The story surfaced this week as activists and mothers held in immigration lockup continue their efforts to block state officials from licensing the Karnes County Residential Center, a facility run by a for-profit prison company that contracts with federal immigration authorities to detain some 500 migrant mothers and children – many of whom have fled extreme violence in South and Central America, according to attorneys who represent the families.
Despite criticism from child welfare experts who say that jailing kids for any amount of time can be detrimental to healthy child development, last week the Texas Department of Family Protective Services announced it would grant the Karnes detention center a six-month provisional license to operate as a state-approved child care facility. Critics worry Texas’ licensing of Karnes could help the feds wiggle around an order from a federal judge last year to fundamentally reform how the government detains migrant kids.
E.G.S. (as she’s known in court documents) and another mother held at Karnes are part of a lawsuit filed last week seeking to block the state from licensing the facility. In a sworn declaration filed with that case, E.G.S. says her daughter was sexually harassed and then ultimately molested by another adult held at the facility.
E.G.S. says she fled El Salvador with her daughter in March after MS-13 gang members who murdered her brother-in-law started showing up at her house to take turns raping her. The men had begun to threaten her 12-year-old daughter when she decided to leave. The mother says in her declaration, “There is nowhere safe for my daughter and I to live in El Salvador.”
Soon after crossing the U.S.-Mexico border, the mother and her daughter were detained and interviewed by an immigration agent, who, according to the mother’s affidavit, “told me that he didn’t have anything to do with the problems in my country.” Once transferred to Karnes, the mother says her interview with an asylum officer was also problematic – “I did not talk about being raped because my daughter does not know what happened to me and she was present in the room throughout my interview because she is afraid to leave my side in the jail.” The asylum officer, she says, determined she didn’t have a case.
E.G.S. and her daughter were placed into a room at Karnes with an unrelated woman and her child — something that's usually not permitted in state-licensed facilities child care centers but allowed under DFPS' new rule to license the immigration lockups. In a court affidavit, the mother says the other woman quickly made her feel uncomfortable, asking E.G.S.’s daughter to sleep in her bed with her. At one point the woman flashed the girl. Jokes from the woman turned sexual and started to cross the line, she says. In her affidavit, the mother says she told a Karnes guard, asking for a room transfer. She says the guard refused and gave her an “ugly” response.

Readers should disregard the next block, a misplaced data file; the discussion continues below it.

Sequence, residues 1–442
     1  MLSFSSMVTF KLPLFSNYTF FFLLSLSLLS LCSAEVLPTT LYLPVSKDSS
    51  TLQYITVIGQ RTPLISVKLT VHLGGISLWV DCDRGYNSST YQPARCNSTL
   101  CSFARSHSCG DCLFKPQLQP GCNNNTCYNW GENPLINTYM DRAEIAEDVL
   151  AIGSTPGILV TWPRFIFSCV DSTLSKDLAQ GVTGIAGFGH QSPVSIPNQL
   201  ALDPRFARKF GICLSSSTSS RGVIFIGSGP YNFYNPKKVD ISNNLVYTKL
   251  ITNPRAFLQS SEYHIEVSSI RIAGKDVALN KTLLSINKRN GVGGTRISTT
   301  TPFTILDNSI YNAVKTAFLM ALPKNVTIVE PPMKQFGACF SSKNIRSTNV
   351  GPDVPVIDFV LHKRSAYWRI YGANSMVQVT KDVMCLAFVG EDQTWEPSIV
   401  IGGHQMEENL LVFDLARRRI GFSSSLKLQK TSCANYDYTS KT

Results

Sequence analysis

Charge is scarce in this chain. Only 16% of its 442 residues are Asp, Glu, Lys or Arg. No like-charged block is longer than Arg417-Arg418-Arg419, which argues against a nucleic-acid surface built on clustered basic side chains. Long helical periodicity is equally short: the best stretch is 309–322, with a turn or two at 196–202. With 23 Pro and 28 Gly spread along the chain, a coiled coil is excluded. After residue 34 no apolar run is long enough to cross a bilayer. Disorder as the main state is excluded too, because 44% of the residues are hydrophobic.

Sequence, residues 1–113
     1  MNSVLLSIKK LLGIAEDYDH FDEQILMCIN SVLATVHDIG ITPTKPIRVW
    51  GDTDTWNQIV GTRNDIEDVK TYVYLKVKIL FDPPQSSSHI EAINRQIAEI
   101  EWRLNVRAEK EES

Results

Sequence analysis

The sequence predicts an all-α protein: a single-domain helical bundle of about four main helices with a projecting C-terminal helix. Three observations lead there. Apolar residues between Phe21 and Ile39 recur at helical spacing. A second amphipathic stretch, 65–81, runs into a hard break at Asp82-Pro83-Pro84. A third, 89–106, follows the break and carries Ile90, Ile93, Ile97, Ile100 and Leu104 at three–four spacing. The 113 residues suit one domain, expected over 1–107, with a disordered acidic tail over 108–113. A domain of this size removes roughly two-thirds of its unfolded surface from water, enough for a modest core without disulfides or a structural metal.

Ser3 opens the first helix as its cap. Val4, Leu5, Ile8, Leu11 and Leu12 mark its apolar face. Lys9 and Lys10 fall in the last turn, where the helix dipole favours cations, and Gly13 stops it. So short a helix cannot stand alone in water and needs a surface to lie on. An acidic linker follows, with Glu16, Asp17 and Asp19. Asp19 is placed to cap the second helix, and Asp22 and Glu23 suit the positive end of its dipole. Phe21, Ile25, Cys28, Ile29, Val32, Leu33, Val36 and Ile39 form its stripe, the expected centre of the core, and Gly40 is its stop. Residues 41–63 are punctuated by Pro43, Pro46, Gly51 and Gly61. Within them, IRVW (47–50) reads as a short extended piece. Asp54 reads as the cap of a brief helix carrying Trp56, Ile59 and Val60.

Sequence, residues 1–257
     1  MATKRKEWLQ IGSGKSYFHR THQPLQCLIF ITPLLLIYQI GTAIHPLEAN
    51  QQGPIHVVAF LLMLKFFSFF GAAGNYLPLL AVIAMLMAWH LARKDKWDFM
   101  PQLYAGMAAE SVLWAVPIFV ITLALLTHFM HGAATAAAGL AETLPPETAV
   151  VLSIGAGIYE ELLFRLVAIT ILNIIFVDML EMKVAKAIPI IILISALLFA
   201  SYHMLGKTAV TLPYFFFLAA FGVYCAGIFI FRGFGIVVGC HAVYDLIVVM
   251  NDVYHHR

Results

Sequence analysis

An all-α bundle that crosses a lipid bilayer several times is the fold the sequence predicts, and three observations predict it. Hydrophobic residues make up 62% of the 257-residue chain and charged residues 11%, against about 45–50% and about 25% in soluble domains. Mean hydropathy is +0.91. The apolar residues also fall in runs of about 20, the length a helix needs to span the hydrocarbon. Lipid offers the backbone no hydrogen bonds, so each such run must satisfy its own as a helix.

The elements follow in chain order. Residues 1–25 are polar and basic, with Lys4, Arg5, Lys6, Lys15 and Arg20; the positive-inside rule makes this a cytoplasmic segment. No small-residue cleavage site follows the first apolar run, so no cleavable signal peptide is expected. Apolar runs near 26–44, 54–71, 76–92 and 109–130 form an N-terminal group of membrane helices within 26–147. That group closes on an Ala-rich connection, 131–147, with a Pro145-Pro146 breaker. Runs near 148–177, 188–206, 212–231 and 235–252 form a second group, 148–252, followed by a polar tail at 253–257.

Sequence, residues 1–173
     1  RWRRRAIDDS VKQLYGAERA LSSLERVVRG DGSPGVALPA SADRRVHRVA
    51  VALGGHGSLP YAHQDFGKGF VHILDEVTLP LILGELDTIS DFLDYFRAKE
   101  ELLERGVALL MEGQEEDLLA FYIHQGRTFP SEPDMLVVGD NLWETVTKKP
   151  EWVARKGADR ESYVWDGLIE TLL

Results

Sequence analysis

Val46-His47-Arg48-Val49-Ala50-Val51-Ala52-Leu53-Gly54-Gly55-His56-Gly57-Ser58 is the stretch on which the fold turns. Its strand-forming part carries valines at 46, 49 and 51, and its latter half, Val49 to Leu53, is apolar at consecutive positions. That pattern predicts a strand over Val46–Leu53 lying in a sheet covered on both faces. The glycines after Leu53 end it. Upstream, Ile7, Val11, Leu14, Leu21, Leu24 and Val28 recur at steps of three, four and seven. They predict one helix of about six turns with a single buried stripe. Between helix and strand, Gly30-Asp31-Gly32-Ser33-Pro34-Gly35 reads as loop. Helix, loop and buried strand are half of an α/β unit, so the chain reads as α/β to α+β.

Eventually, E.G.S. says the woman started to follow her daughter into the shower as her daughter was getting dressed. At one point in mid-April, she says “I saw the woman grab my daughter’s private parts.” After that, guards finally moved them to another room.
The allegation came around the time state officials were inspecting Karnes ahead of granting the facility a license. DFPS spokesman Patrick Crimmins told us via email: “I am not aware of that specific allegation or any other, not [sic] could I comment if I knew because of confidentiality.” He also told us that any allegation of abuse or neglect reported at the facility would have been investigated by DFPS and that the license for Karnes was only issued “once the facility...complied with state standards for a family residential operation.”
An ICE representative didn’t respond to our request for comment, but agency spokeswoman Nina Pruñeda told the Texas Observer yesterday that DFPS, ICE and the local sheriff’s officials “concluded that information provided by the minor could not be corroborated, and the case lacked evidence to pursue any further action.”
We spoke with E.G.S. by phone yesterday through a translator, who told us that she's now afraid of two things — being deported at any moment back to a country where she says she and her daughter face gang rape and possible death, and what might happen to her daughter if they remain in the Karnes detention center. She told us her daughter seems depressed, rarely eats and no longer plays with other children.
Pro-bono immigration attorneys with the nonprofit RAICES have filed multiple petitions asking immigration officials to grant E.G.S. a second interview, saying they haven’t yet heard her full case for asylum (which they say is strong). It’s unclear whether her allegations of abuse could derail the licensing process for Karnes or another South Texas detention center that houses asylum-seekers. A Travis County judge last week issued a temporary restraining order blocking the license; a court hearing is set for this Friday.